Basic Perspectives

Book - 1987
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Of all the simple dichotomies we use to define ourselves and the world we inhabit, perhaps none is so basic and sometimes destructive in its effects as the distinction between males and females. But what exactly do we mean by "masculinity" and "femininity"? Even if researchers can agree on the meaning of these terms, how do they determine whether the behavior they observe arises from intrinsic differences between males and females or from the context in which it occurs? What is the balance between biologically and environmentally influenced sex differences?
In this volume a group of internationally renowned authorities on sexual differentiation consider these and other key questions from seven distinct but interrelated perspectives: psychobiologic, neuroscientific, evolutionary, behavior genetic, developmental, psychosocial, and cultural. Specific topics range from sex differences in the rodent brain to the psychological constructions of masculinity and femininity. The contributors' findings indicate that the characteristics of each gender are determined by a much more intricate interaction between biology and the environment than has been accepted in the past, and they relate these findings within a framework of critical issues in methodology and definition. Psychologists, neuroscientists, psychiatrists, and social scientists will welcome this fresh and authoritative contribution to the study of sexual differentiation.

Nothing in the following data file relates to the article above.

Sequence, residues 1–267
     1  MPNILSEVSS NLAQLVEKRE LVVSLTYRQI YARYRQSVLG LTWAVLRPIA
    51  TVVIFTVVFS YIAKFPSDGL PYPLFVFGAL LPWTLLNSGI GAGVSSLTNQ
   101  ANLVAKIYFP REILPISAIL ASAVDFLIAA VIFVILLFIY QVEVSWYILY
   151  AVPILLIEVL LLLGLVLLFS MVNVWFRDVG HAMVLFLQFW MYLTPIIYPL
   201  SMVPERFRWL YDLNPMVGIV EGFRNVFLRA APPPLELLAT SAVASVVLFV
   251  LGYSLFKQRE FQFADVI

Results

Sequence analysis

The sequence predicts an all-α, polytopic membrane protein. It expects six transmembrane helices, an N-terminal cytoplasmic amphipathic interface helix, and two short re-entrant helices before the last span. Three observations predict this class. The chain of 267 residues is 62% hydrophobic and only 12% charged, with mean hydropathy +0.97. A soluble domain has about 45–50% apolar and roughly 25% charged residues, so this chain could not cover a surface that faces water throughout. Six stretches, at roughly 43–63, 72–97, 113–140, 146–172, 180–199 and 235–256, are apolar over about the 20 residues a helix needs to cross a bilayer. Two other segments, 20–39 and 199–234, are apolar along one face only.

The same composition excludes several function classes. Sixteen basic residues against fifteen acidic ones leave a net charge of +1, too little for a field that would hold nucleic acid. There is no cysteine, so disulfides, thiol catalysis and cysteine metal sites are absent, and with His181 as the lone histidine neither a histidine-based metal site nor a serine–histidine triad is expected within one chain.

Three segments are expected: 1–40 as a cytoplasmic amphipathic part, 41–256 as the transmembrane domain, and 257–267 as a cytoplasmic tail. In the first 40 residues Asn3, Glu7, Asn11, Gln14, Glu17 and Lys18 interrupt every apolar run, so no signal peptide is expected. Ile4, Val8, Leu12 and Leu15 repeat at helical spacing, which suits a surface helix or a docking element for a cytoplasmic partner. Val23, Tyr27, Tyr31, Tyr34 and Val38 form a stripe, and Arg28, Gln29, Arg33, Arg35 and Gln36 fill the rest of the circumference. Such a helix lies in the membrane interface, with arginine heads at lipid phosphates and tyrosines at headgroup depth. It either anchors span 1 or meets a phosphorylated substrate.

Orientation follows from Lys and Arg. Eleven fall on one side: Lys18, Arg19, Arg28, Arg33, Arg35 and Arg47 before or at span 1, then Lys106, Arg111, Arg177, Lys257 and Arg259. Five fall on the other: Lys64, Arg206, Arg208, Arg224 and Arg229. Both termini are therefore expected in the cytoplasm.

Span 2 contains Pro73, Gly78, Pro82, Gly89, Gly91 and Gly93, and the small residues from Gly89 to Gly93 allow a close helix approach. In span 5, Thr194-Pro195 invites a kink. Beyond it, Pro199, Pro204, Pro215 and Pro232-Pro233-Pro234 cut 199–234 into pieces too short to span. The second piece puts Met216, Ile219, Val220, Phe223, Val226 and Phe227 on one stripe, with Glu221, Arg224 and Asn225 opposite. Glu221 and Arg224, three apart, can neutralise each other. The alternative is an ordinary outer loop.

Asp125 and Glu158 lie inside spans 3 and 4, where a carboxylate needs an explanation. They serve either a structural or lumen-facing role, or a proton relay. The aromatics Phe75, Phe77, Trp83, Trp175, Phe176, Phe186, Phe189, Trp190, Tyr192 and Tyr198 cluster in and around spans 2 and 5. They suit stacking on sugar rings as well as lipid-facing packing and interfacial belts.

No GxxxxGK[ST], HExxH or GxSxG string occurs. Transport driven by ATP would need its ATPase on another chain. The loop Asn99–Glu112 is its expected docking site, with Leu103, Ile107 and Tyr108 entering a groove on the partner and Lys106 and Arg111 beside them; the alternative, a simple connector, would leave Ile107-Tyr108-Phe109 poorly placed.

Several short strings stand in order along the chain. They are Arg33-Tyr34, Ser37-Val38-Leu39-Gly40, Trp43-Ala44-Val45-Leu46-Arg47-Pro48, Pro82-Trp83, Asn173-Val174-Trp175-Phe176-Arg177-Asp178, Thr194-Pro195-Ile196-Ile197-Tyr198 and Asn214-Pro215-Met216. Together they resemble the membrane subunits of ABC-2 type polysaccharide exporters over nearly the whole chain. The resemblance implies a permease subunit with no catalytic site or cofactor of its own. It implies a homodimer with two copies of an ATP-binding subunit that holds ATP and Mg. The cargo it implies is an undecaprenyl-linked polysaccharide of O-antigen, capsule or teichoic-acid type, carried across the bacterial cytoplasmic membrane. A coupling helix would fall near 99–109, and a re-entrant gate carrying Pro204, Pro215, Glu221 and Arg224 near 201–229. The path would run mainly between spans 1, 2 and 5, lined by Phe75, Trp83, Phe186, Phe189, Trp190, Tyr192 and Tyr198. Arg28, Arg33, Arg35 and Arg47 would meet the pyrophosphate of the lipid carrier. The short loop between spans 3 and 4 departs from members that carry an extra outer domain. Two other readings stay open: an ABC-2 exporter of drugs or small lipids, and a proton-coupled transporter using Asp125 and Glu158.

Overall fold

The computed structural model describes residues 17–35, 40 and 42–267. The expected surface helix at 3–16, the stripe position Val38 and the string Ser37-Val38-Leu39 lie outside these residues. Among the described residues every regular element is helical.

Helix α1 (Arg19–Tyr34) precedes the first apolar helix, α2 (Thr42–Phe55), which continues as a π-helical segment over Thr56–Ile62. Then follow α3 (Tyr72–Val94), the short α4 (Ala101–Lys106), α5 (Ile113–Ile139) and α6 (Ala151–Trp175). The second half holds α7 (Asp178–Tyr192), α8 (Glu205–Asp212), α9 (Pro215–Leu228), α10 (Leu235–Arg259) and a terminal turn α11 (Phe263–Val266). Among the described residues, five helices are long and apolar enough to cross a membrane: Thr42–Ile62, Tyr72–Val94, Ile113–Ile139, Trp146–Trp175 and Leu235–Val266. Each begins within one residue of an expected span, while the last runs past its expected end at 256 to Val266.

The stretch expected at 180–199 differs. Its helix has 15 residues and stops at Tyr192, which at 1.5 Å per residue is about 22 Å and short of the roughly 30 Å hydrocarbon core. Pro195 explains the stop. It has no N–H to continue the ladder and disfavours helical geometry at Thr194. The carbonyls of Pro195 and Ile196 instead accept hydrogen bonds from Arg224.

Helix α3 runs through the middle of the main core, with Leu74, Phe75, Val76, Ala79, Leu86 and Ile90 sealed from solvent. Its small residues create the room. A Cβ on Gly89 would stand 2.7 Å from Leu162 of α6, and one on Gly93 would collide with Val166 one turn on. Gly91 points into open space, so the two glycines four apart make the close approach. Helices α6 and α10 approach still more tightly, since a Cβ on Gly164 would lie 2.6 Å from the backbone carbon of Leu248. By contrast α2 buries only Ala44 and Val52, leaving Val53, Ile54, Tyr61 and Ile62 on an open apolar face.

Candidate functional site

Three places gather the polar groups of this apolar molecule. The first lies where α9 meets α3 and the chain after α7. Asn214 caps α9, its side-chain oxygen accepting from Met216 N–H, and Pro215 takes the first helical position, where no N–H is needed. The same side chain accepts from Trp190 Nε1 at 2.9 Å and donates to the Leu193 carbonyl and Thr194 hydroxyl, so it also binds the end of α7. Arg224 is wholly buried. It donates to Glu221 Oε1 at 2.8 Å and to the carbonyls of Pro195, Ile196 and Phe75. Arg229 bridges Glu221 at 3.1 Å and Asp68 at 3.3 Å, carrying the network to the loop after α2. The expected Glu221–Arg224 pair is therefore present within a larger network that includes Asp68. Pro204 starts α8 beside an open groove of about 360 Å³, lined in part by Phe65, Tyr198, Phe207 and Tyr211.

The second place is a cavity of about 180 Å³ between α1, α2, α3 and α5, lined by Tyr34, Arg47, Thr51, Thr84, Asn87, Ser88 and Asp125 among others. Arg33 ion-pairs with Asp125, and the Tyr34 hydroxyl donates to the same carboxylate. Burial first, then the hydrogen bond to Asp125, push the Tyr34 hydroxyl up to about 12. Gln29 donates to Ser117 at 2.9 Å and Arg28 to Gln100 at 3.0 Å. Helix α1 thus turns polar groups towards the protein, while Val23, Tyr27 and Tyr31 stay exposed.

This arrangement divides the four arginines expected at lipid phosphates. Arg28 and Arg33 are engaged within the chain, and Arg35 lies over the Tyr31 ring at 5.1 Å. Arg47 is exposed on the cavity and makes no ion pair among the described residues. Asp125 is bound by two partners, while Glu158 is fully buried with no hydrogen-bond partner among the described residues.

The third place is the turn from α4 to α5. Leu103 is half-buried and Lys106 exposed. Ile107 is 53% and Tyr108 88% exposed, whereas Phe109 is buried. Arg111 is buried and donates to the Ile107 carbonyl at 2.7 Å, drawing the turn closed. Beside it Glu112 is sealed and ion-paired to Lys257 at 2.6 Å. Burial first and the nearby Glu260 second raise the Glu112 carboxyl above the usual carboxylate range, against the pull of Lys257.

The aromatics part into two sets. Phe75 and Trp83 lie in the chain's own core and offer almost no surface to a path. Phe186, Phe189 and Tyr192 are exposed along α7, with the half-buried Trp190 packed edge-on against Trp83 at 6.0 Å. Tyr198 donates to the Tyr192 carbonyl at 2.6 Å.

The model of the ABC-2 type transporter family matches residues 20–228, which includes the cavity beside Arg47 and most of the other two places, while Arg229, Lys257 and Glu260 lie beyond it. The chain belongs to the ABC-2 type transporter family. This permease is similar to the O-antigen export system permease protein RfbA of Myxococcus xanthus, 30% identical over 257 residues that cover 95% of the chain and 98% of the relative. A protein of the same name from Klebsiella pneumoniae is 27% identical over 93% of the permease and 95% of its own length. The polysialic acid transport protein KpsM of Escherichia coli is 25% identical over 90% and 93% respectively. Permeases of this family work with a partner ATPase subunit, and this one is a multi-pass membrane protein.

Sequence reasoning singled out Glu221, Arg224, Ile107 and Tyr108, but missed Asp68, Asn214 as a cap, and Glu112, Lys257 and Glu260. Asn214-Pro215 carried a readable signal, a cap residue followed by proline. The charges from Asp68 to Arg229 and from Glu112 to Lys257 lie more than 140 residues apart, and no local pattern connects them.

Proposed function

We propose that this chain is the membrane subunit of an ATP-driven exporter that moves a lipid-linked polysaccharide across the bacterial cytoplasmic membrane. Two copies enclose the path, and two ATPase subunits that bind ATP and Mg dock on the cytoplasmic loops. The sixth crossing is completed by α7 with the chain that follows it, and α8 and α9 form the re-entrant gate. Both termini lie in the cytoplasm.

Publisher: New York : Oxford University Press, 1987
ISBN: 9780195041057
Branch Call Number: BF692.2 .M36 1987x
Characteristics: xvi, 364 p. : ill. ; 25 cm


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